It’s been a while since I’ve revisted the wildly diverse folk music of Spain. Today’s example is from the autonomous community now known as Cantabria, and in the past known as Santander (after its port city) as well as the more lyrical La Montaña.

Cantabria is indeed, mountainous. A small, coastal, and green region, it is bordered by Asturias to the left and the Basque Autonomous Community to the right. Because of it’s geographic location, it’s no surprise that its music has much in common with the music of its neighbors. And yet, it retains its own uniqueness. This piece is introduced with the classic pitu and tambor duet – the pitu being the small reed instrument of the north of Spain, and the tambor, its accompanying drum. However, after a short introduction, all stops, and the classic, acapella singing of Cantabria begins. Journalist Rodney Gallop somewhat improbably wrote about these two particular artists when they recorded a few sides for HMV in 1928 and 1930, and distinctly noted what he called the “tragic intensity” of their brand of Cantabrian singing. It’s also forceful and strident at times. What still, for some reason, shocks me, is the fact that it’s unaccompanied, until the pitu and tambor return for a brief refrain at the end of the piece. It shouldn’t shock me, I suppose – although it’s less common on commercial discs, unaccompanied folk singing was recorded all around the world. Even Asturian tonadas, right next door to Cantabria, were often completely unaccompanied (when not accompanied by the gaita bagpipe). And on a crisp recording like this one, made in 1930 by the German Polydor company, you can really experience the acoustics of the room, something that is often buried under layers of hiss and decades of groove wear. The sound of the singers’ brief pauses are almost as interesting as their voices themselves.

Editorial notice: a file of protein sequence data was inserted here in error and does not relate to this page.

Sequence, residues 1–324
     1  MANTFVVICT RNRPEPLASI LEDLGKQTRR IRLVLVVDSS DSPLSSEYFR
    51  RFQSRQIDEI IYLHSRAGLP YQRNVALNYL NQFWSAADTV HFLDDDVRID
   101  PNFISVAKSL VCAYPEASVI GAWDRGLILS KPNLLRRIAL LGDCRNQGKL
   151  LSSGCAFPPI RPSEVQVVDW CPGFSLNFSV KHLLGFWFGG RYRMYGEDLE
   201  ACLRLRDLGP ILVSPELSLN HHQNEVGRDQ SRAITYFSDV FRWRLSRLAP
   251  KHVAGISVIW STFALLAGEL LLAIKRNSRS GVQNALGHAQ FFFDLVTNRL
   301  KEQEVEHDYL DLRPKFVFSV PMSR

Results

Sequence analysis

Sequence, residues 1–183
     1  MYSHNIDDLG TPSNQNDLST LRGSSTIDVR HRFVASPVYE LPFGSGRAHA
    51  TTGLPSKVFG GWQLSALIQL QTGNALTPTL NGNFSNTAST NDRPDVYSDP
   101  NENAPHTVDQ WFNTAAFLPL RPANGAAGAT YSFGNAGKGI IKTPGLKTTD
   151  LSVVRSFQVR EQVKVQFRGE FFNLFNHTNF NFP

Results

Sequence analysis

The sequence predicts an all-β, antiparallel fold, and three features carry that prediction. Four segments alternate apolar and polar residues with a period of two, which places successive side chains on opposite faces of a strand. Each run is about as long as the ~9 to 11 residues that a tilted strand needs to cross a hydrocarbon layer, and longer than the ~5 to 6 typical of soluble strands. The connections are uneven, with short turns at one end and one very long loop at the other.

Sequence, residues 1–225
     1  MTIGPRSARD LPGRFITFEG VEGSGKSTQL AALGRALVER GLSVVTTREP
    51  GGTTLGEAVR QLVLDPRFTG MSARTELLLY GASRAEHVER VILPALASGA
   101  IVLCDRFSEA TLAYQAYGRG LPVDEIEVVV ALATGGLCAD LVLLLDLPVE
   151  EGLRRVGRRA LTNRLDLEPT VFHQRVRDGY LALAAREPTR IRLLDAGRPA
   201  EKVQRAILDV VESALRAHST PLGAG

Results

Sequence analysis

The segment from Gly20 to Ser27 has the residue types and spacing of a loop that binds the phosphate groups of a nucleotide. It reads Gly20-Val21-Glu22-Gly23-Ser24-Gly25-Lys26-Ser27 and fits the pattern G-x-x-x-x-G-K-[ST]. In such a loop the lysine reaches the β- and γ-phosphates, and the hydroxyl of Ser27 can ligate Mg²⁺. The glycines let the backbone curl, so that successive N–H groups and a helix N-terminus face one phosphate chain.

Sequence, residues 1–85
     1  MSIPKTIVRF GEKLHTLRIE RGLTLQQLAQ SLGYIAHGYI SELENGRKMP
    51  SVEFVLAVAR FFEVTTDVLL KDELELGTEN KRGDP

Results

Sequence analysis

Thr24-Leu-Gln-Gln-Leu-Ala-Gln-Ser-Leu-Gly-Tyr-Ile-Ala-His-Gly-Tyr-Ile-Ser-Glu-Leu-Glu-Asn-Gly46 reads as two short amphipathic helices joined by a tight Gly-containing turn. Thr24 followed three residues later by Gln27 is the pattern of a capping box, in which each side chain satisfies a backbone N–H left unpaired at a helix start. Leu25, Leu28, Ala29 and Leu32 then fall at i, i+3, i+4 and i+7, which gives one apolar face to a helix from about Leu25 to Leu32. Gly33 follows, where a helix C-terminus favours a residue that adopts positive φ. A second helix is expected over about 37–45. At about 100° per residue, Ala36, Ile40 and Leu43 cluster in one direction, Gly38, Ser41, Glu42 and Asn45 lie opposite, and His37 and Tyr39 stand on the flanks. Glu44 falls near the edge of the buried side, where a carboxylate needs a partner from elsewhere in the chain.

Because, perhaps, of the region’s size, the cancion montañesa of Cantabria wasn’t recorded nearly as much as the coros of Galicia, let alone the flamenco superstars of Andalusia. As far as I can tell, Manuel Sierra and Sara de Ortega made a handful of records for several labels from the late 1920s to the early 1930s, after which I have no idea where their careers went. Sierra was popular enough to perform at a large exposition in Barcelona in 1928. Any success they would have had outside of Spain would probably be due to the intrepid Rodney Gallop, probably the only person writing about commercial “ethnic” 78s for the English speaking world at the time. He was specifically fond of Sierra and Ortega’s duets. The song itself is a sweet interplay between a boy and a girl on the way to the festival and pilgrimage honoring Saint Cyprian, which dates from the XV century and still occurs yearly in Cantabria on September 16th. Thanks to reader isoldevila, we have a full transcription of the song, a slightly different version than the one documented on this site.

Vístete pronto mozuca
que vamos a San Cipriano
no te apures por las cuestas
que yo te daré la mano
y en brazos, nena, te llevaría
A San Cipriano a la romería.

Dices que me quieres mucho
y a la romería iré,
y al pasar el regatuco en
tus brazos me pondré
pero no te resbales
que no quiero caer.

No tengas miedo
que yo resbale
con una carga
que tanto vale
con gran cuidado
iré, preciosuca, como
llevando a la virgenzuca

Y si caemos nos levantamos
y le decimos a San Cipriano
que fuimos juntos al regatuco
y nos caímos apretaducos.

Sube, sube las cuestas arriba,
que por ti suspira tu moza querida,
y subimos arriba a los llanos,
a tomar la sombra de los avellanos

Manuel Sierra y Sara de Ortega – A San Cipriano

Technical Notes
Label: Polydor
Issue Number: 220060
Matrix Number: 3047 BK

And yet another shout out to Heritage’s Voices of Spain CD, which contains 3 songs by Sara de Ortega and Manuel Sierra. One duet, and two solo pieces.

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